On Tuesday, the IRS issued widely-anticipated guidance regarding certain amendments that were made by the Tax Cuts and Jobs Act to Section 162(m) of the Internal Revenue Code. Under Section 162(m), compensation paid to a publicly held corporation's "covered employees" that exceeds $1 million per year for any covered employee is non-deductible. Among other changes, the Act amended Section 162(m) to expand the scope of covered employees and eliminate the qualified performance-based compensation exemption from the $1 million deduction limit.
The amendments to Section 162(m) apply to taxable years beginning on or after January 1, 2018. However, the Act provides transition relief under which certain compensation paid pursuant to a written binding contract in effect on November 2, 2017 will be grandfathered and not subject to the amended rules, provided that the contract is not materially modified on or after that date.
In Notice 2018-68, the IRS provided guidance on the following topics:
- Amended definition of covered employee – The amended definition includes (i) any employee who is the PEO or PFO of the publicly held corporation at any time during the taxable year, or was an individual acting in such capacity, and (ii) any other employee whose total compensation for the taxable year is required to be reported to shareholders by reason of such employee being among the three highest compensated officers for the taxable year. Additionally, the Act provides that anyone who was a covered employee for any preceding taxable year beginning on or after January 1, 2017 is a covered employee. As a result, covered employees identified for the taxable year beginning during 2017 under the pre-amendment rules will continue to be covered employees for taxable years beginning in 2018 and beyond. The Notice clarifies that while certain aspects of the amended definition are consistent with the SEC rules used to determine the named executive officers for whom compensation disclosure is required, in some cases the amended definition diverges from the SEC rules. For example, for purposes of identifying covered employees under the amended definition, it is not relevant whether the SEC rules for smaller reporting companies or emerging growth companies apply to the corporation, nor is it relevant whether the specific executive officers' compensation must be disclosed under the SEC rules applicable to the corporation.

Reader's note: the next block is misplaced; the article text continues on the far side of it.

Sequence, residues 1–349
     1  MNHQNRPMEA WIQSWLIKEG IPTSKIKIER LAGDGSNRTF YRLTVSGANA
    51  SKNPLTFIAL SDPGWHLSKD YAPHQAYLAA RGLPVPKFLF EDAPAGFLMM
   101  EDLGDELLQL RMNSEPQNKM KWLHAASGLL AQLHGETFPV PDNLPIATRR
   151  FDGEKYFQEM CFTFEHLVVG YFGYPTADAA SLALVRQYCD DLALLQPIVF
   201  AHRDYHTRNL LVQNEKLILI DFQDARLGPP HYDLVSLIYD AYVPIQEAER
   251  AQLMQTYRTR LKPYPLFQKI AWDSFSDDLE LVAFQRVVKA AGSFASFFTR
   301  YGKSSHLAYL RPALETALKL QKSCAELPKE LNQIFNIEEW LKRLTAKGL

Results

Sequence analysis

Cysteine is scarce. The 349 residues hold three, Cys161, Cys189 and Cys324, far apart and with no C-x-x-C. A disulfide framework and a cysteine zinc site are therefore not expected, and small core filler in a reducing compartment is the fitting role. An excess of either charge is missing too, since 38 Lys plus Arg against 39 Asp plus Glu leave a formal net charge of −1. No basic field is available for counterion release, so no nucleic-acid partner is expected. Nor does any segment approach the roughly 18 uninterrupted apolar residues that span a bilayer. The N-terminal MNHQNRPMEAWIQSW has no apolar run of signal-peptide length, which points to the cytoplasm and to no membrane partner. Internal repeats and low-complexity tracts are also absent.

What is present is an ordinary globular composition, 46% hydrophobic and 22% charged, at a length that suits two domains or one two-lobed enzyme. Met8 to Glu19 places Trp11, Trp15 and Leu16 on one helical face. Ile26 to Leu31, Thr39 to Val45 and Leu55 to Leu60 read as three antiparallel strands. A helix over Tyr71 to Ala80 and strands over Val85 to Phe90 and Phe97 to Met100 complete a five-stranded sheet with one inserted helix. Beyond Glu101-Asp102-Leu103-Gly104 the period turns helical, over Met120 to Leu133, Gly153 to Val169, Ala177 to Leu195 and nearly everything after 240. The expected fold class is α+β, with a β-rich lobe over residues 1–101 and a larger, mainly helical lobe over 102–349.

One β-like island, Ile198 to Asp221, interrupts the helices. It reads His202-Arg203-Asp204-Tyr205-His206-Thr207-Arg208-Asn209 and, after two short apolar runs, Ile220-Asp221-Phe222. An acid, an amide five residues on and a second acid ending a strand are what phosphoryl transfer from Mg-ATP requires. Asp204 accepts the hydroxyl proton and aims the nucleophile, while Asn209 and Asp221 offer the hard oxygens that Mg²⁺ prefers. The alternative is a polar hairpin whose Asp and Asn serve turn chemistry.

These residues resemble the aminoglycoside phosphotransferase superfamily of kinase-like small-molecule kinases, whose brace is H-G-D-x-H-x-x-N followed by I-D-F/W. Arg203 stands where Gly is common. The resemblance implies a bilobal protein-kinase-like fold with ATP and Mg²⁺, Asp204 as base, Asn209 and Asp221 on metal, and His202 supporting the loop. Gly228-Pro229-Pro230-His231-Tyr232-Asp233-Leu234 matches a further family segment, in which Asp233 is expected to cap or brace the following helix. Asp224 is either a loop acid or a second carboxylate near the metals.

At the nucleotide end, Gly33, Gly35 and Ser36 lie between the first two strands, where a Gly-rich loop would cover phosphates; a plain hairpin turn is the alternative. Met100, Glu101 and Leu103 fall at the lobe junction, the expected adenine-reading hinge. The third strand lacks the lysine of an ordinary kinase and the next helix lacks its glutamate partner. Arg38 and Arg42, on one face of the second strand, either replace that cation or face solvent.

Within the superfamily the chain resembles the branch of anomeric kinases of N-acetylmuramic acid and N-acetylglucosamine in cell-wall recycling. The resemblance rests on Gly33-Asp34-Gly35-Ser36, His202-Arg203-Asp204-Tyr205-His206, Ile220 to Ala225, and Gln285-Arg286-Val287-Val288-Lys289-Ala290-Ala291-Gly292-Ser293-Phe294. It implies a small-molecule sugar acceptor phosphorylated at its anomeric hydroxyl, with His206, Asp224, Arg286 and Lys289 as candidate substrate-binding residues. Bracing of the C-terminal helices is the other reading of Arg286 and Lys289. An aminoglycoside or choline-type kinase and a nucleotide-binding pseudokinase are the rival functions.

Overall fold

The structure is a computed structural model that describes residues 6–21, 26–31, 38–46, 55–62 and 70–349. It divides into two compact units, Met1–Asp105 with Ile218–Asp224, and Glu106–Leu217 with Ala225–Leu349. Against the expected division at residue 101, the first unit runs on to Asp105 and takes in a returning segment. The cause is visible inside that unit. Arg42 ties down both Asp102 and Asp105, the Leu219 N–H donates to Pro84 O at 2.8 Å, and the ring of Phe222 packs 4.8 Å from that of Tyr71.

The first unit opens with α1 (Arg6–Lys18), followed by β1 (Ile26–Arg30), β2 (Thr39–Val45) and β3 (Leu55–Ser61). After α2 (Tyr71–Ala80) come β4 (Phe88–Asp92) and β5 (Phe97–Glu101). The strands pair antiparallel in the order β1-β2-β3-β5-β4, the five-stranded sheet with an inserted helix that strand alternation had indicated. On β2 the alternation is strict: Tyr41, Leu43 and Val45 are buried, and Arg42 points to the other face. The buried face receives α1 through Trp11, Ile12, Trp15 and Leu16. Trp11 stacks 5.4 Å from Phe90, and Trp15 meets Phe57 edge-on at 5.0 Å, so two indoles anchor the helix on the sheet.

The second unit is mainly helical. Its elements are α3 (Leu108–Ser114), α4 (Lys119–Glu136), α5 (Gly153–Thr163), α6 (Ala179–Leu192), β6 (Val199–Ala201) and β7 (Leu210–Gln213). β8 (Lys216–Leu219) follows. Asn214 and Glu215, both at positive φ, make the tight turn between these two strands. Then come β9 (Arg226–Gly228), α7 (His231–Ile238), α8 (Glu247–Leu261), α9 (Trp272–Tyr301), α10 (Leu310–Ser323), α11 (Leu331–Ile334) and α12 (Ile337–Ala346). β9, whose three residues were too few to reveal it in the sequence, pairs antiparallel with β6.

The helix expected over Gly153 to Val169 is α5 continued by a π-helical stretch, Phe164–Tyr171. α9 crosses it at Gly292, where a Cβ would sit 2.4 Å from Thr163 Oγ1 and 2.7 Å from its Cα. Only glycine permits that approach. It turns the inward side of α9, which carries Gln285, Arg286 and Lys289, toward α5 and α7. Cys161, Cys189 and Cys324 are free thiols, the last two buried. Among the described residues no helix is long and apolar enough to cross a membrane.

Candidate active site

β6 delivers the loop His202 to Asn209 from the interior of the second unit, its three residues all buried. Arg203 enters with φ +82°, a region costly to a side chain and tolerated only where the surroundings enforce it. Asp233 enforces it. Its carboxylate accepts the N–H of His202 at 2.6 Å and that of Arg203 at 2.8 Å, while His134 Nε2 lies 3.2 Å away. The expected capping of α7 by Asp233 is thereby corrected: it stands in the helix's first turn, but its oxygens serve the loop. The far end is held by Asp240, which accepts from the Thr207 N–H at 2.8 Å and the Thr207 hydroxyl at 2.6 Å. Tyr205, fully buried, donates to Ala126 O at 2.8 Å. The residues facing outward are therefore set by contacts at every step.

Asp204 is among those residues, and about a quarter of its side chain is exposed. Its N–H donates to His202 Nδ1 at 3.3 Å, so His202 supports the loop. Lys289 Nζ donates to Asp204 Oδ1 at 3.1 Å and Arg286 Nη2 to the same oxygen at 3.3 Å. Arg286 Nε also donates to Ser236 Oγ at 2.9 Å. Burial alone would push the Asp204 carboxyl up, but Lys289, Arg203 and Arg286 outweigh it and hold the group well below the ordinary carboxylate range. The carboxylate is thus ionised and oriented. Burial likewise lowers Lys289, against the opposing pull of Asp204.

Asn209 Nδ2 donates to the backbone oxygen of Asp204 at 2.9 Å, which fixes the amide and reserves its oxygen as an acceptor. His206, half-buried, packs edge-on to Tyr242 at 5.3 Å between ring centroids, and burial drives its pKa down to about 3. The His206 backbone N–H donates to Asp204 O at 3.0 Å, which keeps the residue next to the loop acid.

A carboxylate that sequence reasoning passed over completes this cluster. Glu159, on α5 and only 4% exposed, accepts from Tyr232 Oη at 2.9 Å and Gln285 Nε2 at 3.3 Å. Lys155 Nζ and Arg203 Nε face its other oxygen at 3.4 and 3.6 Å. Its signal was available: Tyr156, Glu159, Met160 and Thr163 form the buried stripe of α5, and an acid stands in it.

- Operation of the grandfather rule – The Notice explains that compensation may be grandfathered only to the extent that the corporation is obligated under applicable law (for example, state contract law) to pay the compensation if the applicable service or vesting conditions are met. As a result, certain types of arrangements may not be grandfathered, such as arrangements where the compensation committee retains the ability to use negative discretion to reduce the amount of compensation payable under the arrangement and employment agreements which provide for future equity award grants subject to board approval. The Notice also addresses whether a contract will be considered materially modified so that it is no longer grandfathered in certain circumstances, such as amendments to increase the amount of compensation payable or to accelerate or defer the payment.
The guidance in the Notice is expected to be incorporated in future regulations that, with respect to the issues addressed in the Notice, will apply to taxable years ending on or after September 10, 2018. Any future guidance (including regulations) addressing the issues covered by the Notice that would broaden the definition of "covered employee" or restrict the application of the definition of "written binding contract" will apply prospectively only.
The Notice does not provide any guidance regarding the reliance period exception for newly public corporations, which provides that certain compensation paid by newly public corporations is exempt from the $1 million deduction limit for a certain period of time after the corporation becomes publicly held, and the Act did not address this exception. However, the IRS specifically requested comments on this issue and we expect that it may be addressed in future guidance.
We will be providing further analysis on the application of the guidance in the Notice in a future alert, including advice on preserving the grandfathered status of eligible arrangements.
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